Use of early word-reading fluency measures to predict outcomes on the Phonics Screening Check

Nicola Bell, Max Farrell-Whelan, Kevin Wheldall

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Teachers in England and South Australia annually administer the Phonics Screening Check (PSC) to Year 1 students, with the purpose of identifying struggling readers. Students who do not meet the score threshold have not met the expected standard of word-decoding ability, meaning further support may be warranted. We sought to quantify the extent to which other early reading measures, such as the Wheldall Assessment of Reading Nonwords (WARN) and Wheldall Assessment of Reading Lists (WARL), predicted students’ likelihood of not meeting PSC expected standards. Predicting PSC outcomes, and thereby identifying struggling readers at the start of Year 1, has important implications for possible intervention strategies. Logistic regression and receiver operating characteristic analyses were conducted to examine the longitudinal relationships between real-word and pseudoword predictors as measured by the WARL and WARN and PSC pass/fail outcomes. Students who scored lower on predictors were less likely to meet the PSC expected standards. Results indicate that the WARL and WARN could be used to identify students who will not meet PSC expected standards, facilitating earlier intervention where it is most critically required.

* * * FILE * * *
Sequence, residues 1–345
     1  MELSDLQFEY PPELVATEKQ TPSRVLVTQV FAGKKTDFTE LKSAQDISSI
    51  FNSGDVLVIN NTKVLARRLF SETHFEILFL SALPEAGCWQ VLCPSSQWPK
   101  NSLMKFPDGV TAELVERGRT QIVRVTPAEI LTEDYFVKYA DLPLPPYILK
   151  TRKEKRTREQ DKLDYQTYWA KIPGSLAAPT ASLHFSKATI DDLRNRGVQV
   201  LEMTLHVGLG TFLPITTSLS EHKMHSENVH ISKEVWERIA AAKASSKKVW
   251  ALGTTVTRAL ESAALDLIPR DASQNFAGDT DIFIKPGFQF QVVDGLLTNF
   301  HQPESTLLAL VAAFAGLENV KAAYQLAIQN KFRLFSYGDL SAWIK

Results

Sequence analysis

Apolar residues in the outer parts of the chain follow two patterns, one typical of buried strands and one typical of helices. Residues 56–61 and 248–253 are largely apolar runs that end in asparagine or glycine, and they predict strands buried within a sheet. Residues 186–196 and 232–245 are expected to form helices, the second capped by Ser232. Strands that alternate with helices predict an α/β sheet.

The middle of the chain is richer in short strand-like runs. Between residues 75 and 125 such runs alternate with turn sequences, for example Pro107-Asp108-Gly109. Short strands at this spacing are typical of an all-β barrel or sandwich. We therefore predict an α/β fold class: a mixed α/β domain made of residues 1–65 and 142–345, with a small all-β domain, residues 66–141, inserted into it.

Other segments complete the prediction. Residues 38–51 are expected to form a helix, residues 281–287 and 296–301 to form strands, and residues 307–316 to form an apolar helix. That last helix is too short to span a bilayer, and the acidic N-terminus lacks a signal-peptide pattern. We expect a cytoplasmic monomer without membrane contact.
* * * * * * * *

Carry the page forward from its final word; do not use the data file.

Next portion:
Original languageEnglish
Pages (from-to)161–176
Number of pages16
JournalAustralian Journal of Education
Issue number2
Early online date15 Jun 2020
Publication statusPublished - Aug 2020


  • struggling readers
  • reading difficulties
  • literacy
  • phonics
  • screening tests
  • early intervention
  • Struggling readers


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